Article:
Tag Archives: Violet Winspear

devil in silver room

Category Romance Review: Devil in a Silver Room by Violet Winspear

category romance
Devil in a Silver Room by Violet Winspear
Rating: five-stars
Published: 1973
Illustrator: Don Sinclair
Imprint or Line: Harlequin Presents #5
Published by: Harlequin
Genres: Category Romance, Contemporary Romance
Pages: 192
Format: Paperback
Buy on: Amazon
Reviewed by: Introvert Reader


Category Romance Review: Devil in a Silver Room by Violet Winspear

SPOILER ALERT ⚠

The Book

Violet Winspear certainly had sympathy for the Devil. Several of her book titles contain the words Demon, Lucifer, Satan, or Devil–including Harlequin Presents #5, Devil in a Silver Room.

It also features another male main character named Paul, like the hero from The Honey Is Bitter. This Paul is French, not Greek. And also, like The Honey Is Bitter, Devil In a Silver Room was reprinted many times over, proving that Winspear was a powerhouse writer for series romance.

There’s a good reason this Harlequin had so many reprints: it’s an enthralling, hypnotic love story that pulls you in from the moment the hero enters the story. And what a hero he is!

devil in a silver room violet winspear
Devil In a Silver Room, Violet Winspear, Mills and Boon, 1973, cover artist unknown

The Set-Up

Five years before the Devil In a Silver Room opens, a teenaged Margo Jones had fallen for the wealthy, handsome, and carefree Michel Cassalis. Michel had only toyed with Margo’s heart; she was a brief fling to discard. Margo was an English au pair with no family, and Michel wen ton to marry a French lady from his own social class.

Now Michel is dead, having left behind a young son. His traumatized, grieving widow is confined to a wheelchair.

Because Margo still loves Michel, she cannot bear the thought of his child being alone. When she hears he requires an English nanny, she offers the Cassalis family her services. First, Margo meets Michel’s haughty mother, Madame Cassalis. Then Margo heads to the Cassilis family home, ominously named Satancourt.

As prickly as Madame is, she is nothing compared to Michel’s older brother, Paul. Upon Margo’s arrival in France, she meets the domineering Paul Cassalis. Sparks fly. Soon Michel will be a faint memory.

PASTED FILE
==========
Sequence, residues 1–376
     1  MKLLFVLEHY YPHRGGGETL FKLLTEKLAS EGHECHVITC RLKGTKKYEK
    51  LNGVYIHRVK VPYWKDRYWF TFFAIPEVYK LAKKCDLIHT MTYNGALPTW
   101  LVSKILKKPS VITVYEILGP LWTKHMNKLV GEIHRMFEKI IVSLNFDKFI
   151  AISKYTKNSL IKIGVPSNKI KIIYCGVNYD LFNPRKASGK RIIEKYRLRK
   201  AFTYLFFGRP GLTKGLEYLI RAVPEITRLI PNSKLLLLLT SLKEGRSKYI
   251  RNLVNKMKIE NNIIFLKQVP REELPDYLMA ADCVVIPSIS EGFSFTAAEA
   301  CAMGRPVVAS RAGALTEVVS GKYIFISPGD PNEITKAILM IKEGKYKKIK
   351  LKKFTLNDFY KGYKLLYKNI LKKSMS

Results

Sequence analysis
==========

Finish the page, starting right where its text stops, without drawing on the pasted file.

The Plot

Paul is like night to Michel’s day. Margo wonders how two men so different could have been brothers. Paul’s dark looks and menacing nature paradoxically intimidate and intrigues her.

Margo forms a strong bond with Desi, Michels son. In due time he becomes attached to the loving nanny.

But not all is well at Satancourt. People whisper rumors about Paul causing a girl’s death years ago. They say her ghost haunts the castle. Perhaps there are more deaths for which Paul is responsible?

And just what is Paul’s position at Satancourt? All the workers and residents treat Paul as their lord. But despite being the oldest male Cassalis, it is his young nephew who will rule the chateau one day.

devil in silver room
Devil In a Silver Room, Violet Winspear, Mills and Boon, 1980 reprint, cover artist unknown

“I work the terraces, Miss Jones. I bring forth the champagne and the wine. I ensure that the chateau remains a perfect example of French architecture. I pay the wages of the workers. I give the orders and flourish the phantom whip, but I am only the caretaker of Satancourt and its cellar.”

DEVIL IN A SILVER ROOM

Paul, the Hero

Although Paul is a steward, he resonates with an aura of authority and power. He is a man who commands respect, no matter how low his station is. He reminded me of Felipe Tristan, the sigma-male hero from Teresa Denys‘ other masterpiece, The Flesh and the Devil. Although Paul is more of a leader than a lone-wolf type.

Margo is drawn to Paul’s demonic allure, even as she fights her desire. Her infatuation with Michel is supplanted with a more tremendous passion for his brother.

In the end, Paul reveals to Margo that his servile role at Satancourt is because he is not a true Cassalis. His mother was pregnant with another man’s child when she got married. So Monsieur Cassalis excluded Paul from his will. But still, Paul’s heart belongs to Satancourt.